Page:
New TUPE regulations explained

06 April 2006
New TUPE regulations explained

The Problem
Your business has taken on a major catering contract and the outgoing contractor, annoyed at losing the contract, has neglected to hand over the employment records of transferring staff.

The Law Under the Transfer of Undertakings (Protection of Employment) Regulations 1981, when a business or part of a business is transferred from one party to another, the employees of that business automatically transfer to the new owner. Today (6 April), the regulations will be amended by the Transfer of Undertakings (Protection of Employment) Regulations 2006. They will continue to be commonly known as the TUPE.

The new law will make it clearer that TUPE applies to contracting out, contracting in and retendering parts of the business, such as a catering contract. Basically, whenever there's an identifiable group of employees - or, indeed, one employee - dedicated to meeting one customers' needs, those employees will transfer to the new contractor - or, if the contract is going back in-house, to the customer.

Under the new TUPE regulations, an outgoing contractor must provide the incoming contractor - or customer, if the services are going back in-house - with the following information:

  • The identity and ages of employees who will transfer.

  • Information contained in contracts of employment or statements of particulars.

  • Any information relating to collective agreements.

  • Details of any disciplinary action or any grievances dealt with within the preceding two years, only if the statutory dispute resolution procedures applied.

  • Details of any legal actions taken by employees in the previous two years or potential legal actions if the outgoing contractor has reason to believe those actions might occur.

The information must be given in writing and must be accurate to a specified date and then updated, if appropriate.

The information can be given in instalments and through a third party. This is particularly relevant in outsourcing arrangements where the information will normally pass through the client to whom the services are provided.

Expert Advice Until now, contractors have often been left in the dark as to the liabilities they take on when "inheriting" staff under TUPE.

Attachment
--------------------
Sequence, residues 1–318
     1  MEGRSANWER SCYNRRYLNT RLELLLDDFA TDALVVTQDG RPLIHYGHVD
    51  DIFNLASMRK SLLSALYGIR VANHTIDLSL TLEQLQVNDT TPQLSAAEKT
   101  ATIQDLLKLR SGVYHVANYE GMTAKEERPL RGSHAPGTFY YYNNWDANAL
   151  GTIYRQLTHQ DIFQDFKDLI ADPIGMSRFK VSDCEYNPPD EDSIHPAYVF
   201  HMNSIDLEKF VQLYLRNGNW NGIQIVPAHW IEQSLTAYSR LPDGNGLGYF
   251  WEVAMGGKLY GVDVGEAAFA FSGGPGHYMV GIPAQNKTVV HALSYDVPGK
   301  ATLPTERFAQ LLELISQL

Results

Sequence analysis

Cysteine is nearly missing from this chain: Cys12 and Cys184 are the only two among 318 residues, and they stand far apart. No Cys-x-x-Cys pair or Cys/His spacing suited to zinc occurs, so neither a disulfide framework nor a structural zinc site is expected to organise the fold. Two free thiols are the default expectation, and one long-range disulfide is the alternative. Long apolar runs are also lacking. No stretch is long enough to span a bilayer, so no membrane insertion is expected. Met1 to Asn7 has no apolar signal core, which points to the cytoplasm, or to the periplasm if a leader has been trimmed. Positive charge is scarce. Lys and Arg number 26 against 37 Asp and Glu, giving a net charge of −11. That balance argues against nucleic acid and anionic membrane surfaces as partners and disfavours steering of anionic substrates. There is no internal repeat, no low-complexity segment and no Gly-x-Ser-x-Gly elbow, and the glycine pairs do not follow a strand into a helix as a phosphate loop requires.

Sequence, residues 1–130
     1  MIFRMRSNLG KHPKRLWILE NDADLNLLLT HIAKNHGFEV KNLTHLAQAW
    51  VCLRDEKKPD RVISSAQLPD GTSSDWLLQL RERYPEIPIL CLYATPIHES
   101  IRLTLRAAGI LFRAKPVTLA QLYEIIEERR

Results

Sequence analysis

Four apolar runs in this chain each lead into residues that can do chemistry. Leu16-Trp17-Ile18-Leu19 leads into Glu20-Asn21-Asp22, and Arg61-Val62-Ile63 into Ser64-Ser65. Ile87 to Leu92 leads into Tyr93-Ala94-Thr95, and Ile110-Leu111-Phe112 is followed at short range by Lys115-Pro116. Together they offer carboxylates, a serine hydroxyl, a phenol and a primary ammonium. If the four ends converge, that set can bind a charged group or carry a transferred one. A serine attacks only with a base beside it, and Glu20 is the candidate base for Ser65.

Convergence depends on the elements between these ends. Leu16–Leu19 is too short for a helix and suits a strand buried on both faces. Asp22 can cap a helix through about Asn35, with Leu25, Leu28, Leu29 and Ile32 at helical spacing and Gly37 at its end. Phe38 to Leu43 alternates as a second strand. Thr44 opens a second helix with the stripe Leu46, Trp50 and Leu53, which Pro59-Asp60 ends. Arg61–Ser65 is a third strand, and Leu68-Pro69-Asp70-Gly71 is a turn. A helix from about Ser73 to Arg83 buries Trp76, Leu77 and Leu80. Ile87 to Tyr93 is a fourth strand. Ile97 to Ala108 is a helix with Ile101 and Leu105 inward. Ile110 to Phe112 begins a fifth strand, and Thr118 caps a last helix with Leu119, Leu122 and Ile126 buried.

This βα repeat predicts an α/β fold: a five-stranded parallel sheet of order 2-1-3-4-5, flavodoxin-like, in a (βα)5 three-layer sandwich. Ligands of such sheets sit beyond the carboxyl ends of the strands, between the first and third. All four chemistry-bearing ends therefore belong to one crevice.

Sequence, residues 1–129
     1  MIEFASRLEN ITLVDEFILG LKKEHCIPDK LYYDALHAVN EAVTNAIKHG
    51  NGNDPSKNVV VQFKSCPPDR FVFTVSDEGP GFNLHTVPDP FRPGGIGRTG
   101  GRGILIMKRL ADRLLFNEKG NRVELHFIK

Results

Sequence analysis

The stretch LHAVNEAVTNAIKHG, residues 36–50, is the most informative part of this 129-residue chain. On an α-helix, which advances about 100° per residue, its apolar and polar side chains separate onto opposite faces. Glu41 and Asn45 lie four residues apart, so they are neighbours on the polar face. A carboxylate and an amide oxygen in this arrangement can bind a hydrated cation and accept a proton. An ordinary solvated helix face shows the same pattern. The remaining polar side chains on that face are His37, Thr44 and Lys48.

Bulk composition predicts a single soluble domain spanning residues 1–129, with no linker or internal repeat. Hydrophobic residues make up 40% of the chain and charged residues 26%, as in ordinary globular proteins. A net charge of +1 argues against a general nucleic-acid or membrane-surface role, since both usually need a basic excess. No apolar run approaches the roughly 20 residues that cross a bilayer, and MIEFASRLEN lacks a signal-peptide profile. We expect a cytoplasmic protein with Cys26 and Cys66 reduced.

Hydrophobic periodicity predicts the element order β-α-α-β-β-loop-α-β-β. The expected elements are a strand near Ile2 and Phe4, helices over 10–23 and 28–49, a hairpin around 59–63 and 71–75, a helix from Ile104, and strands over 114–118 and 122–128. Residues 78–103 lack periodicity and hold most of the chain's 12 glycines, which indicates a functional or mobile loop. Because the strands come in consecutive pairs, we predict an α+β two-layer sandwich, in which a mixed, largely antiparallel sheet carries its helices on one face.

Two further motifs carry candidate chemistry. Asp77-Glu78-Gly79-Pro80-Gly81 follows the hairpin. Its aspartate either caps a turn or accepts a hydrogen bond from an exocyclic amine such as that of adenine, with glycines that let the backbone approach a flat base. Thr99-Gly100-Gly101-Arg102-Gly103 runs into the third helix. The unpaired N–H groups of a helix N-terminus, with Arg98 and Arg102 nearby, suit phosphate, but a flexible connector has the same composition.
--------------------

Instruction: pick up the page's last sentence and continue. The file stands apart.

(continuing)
Under TUPE 2006, incoming contractors will be able to require the outgoing contractor to provide relatively detailed information about the employees and liabilities.

Incoming contractors should ensure that they keep accurate and up-to-date records of their employee details so that if the contract is terminated they can comply with the obligations of the new TUPE regulations. Those details should be kept for at least two years.

Employers "inheriting" staff from a previous contractor should be aware that under TUPE (old and new) the contracts of employment with the previous contractor or, contractors before them, may have remained in place.

Check list

  • Keep copies of employment contracts or particulars of terms of employment.

  • Keep full details of employees' identities and ages.

  • Keep records of disciplinary action or grievances raised for at least two years, particularly if the statutory dispute resolution procedures applied.

  • Keep copies of any legal action threatened or pending or details of any circumstances which, in your opinion could give rise to legal action.

  • Remember that although providing information to an incoming contractor can be painful, particularly if you have just lost a contract, the next contract you win will mean you will want the same information.

Beware! If an outgoing contractor refuses to provide the information, the incoming contractor can make a complaint to an employment tribunal. If the tribunal considers the complaint is well founded it can make an award of compensation, which will be based on any loss sustained as a result of the failure and also any loss resulting from any contractual agreement. Compensation will be at least £500 per employee in respect of whom information should have been provided, although tribunals have discretion towards a lesser sum. The general view is that the awards are likely to be at least £500 per employee unless failure is trivial or unintentional.

ContactRebecca Emmett
Senior associate
Squire, Sanders & Dempsey
020 7189 8162

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